No doubt, running a newspaper in a country ruled by autocrats is a challenging thing to do. Everybody knows it, and everybody claims they will support the rebels in case of an uprising—theoretically, at least. However, when it comes to real life, everything can be far more complicated. Government news censoring is a controversial topic, and this indie computer game, called The Westport Independent, will give you a great and realistic glimpse of how it actually goes.
So, you are an editor-in-chief at a private newspaper. As the game starts, you receive a message saying that the new law requires mass media to present the news in a way that is appropriate and useful for the current regime. While playing, you have to choose which paragraphs of an article to leave and which ones to delete, sometimes completely changing the message of the piece. Obviously, you can either support the Rebellion or the ruling party called Loyalists. However, regardless of your political convictions, the main goal is to survive the whole gaming “cycle,” which lasts 12 weeks. Moreover, you have employees (whose articles you censor) to take care of at all times.
The game, designed by indie studio Double Zero One Zero, was meant to raise controversial topics of freedom of the media, information accessibility, and the role of each particular person in this process. The game is hard and heavy, especially if you try the Rebellion scenario. During the play, you are shown some facts from the private lives of your employees. For example, a convinced Loyalist, who completely approves beating of innocent people by the police, has his own drama. He talks about his ill brother and taking him to physiotherapy. Also, once you choose to be a rebel completely, your newspaper gets closed down at week 7. And one of your employees, Frank, who supported the Rebellion, disappears.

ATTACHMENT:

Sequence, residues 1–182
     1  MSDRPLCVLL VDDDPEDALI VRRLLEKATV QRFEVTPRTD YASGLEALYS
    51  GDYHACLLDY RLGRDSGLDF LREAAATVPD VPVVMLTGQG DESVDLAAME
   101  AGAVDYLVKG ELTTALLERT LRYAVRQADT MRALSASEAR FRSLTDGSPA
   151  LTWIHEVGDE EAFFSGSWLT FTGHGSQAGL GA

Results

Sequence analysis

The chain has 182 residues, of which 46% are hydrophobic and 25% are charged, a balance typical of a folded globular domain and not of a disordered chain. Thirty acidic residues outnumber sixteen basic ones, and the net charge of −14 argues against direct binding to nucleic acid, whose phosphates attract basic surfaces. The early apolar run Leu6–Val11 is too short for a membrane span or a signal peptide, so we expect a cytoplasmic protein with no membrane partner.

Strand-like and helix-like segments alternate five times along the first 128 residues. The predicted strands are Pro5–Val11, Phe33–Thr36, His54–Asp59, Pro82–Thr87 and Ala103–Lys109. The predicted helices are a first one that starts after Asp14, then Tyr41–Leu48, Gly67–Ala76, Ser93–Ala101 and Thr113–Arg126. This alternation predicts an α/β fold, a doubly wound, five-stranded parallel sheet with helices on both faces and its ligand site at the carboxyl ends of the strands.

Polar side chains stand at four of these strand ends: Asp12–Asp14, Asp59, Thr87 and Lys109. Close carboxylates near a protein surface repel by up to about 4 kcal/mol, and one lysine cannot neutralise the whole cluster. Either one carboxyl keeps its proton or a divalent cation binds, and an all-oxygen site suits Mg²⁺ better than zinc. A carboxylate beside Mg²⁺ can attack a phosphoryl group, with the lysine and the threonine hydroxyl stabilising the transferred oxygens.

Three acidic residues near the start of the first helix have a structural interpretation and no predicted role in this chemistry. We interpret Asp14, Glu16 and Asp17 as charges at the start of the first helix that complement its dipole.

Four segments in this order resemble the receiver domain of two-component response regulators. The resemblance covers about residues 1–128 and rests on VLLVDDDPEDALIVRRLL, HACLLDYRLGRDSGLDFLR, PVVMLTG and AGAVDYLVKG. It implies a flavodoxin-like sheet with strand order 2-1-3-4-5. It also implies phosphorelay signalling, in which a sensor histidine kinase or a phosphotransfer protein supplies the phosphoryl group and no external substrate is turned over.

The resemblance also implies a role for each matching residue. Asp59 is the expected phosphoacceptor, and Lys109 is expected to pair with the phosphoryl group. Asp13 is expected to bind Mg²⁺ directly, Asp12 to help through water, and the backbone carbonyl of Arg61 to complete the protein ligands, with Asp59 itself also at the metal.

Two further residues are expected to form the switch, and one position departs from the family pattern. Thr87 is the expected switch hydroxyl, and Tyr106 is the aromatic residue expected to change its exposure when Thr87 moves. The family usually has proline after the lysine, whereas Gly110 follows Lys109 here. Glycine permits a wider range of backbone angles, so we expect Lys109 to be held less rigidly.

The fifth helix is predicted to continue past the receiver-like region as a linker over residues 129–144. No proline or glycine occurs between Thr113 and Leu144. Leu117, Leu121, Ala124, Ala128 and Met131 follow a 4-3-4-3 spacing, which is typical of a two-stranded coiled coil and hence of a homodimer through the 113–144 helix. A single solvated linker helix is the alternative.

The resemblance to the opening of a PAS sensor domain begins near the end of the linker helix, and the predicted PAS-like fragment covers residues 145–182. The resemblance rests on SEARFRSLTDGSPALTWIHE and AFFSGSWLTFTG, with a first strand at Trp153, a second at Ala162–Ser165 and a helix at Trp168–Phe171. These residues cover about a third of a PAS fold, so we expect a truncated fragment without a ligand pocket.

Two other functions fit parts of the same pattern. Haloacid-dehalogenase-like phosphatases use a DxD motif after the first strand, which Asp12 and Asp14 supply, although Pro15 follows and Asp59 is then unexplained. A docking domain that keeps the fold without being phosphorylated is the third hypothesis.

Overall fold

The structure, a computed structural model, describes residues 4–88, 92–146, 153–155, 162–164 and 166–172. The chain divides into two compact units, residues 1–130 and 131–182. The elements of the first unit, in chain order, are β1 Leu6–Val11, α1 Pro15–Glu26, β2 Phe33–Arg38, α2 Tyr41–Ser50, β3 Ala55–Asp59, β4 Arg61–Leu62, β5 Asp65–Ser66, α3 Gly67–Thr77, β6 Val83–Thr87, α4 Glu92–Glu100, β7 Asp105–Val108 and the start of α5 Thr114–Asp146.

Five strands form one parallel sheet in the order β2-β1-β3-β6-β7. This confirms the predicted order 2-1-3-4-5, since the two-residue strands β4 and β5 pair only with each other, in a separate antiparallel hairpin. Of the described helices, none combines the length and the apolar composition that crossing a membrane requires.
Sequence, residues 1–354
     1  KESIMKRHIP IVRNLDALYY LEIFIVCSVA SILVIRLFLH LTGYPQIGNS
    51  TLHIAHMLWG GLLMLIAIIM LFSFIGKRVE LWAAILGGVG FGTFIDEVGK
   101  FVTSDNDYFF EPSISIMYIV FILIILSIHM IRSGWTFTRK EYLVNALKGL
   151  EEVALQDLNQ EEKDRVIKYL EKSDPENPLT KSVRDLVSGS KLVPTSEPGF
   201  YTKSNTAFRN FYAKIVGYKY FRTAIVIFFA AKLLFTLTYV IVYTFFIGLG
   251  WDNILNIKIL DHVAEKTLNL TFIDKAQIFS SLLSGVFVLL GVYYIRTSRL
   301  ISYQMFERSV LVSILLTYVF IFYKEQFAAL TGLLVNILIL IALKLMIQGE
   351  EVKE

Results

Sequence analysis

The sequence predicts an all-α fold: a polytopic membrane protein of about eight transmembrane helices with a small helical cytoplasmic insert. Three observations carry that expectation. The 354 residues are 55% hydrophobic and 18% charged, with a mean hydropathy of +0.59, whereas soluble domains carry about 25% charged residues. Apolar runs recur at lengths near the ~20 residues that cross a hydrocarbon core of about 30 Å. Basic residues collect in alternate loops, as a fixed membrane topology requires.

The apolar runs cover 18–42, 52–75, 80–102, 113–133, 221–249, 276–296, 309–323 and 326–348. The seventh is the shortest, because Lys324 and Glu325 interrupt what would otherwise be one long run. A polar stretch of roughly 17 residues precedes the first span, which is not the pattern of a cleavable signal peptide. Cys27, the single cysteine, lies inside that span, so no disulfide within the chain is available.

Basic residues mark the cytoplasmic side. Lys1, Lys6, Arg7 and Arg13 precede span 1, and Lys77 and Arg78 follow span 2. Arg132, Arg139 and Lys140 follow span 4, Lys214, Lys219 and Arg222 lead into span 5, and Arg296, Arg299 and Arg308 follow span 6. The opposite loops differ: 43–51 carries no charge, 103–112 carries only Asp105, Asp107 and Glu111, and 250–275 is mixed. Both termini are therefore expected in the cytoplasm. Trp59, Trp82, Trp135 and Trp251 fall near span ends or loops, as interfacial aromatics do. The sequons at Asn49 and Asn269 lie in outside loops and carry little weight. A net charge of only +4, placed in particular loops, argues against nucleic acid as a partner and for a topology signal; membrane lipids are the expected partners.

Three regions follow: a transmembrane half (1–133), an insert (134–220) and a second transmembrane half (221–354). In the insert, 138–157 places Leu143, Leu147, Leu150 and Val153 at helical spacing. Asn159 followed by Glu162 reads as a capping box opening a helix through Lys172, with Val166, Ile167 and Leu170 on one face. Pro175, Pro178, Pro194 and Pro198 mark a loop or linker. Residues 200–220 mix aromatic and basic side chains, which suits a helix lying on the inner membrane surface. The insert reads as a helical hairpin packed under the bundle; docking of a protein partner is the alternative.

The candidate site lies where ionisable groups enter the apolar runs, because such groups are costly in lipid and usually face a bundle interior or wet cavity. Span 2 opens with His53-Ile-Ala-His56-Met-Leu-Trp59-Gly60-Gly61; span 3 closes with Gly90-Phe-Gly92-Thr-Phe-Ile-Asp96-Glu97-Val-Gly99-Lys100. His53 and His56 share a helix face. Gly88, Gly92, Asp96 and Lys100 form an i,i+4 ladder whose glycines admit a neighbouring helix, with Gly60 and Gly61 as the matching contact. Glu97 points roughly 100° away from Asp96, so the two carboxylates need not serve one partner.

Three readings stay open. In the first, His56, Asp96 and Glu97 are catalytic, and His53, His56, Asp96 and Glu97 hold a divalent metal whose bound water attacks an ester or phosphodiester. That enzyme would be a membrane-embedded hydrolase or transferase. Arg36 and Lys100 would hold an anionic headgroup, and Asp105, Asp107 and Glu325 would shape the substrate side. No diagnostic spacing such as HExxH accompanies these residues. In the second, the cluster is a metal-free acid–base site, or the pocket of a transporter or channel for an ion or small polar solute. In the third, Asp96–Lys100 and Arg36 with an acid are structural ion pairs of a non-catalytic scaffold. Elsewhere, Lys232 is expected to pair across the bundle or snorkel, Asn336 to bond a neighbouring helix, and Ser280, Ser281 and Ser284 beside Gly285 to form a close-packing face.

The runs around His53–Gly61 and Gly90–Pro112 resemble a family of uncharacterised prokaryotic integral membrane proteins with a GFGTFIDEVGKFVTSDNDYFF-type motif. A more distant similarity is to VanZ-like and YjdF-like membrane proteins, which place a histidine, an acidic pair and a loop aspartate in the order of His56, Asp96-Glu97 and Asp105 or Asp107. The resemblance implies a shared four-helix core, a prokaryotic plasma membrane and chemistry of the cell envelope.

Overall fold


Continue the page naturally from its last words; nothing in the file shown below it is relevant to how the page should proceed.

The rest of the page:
The cooling effect of the death of one of The Westport Independent writers (and probably not the only one) will make you rethink your decisions, we promise you. And then you find yourself balancing between the truth and attempts to save your newspaper and your employees’ lives.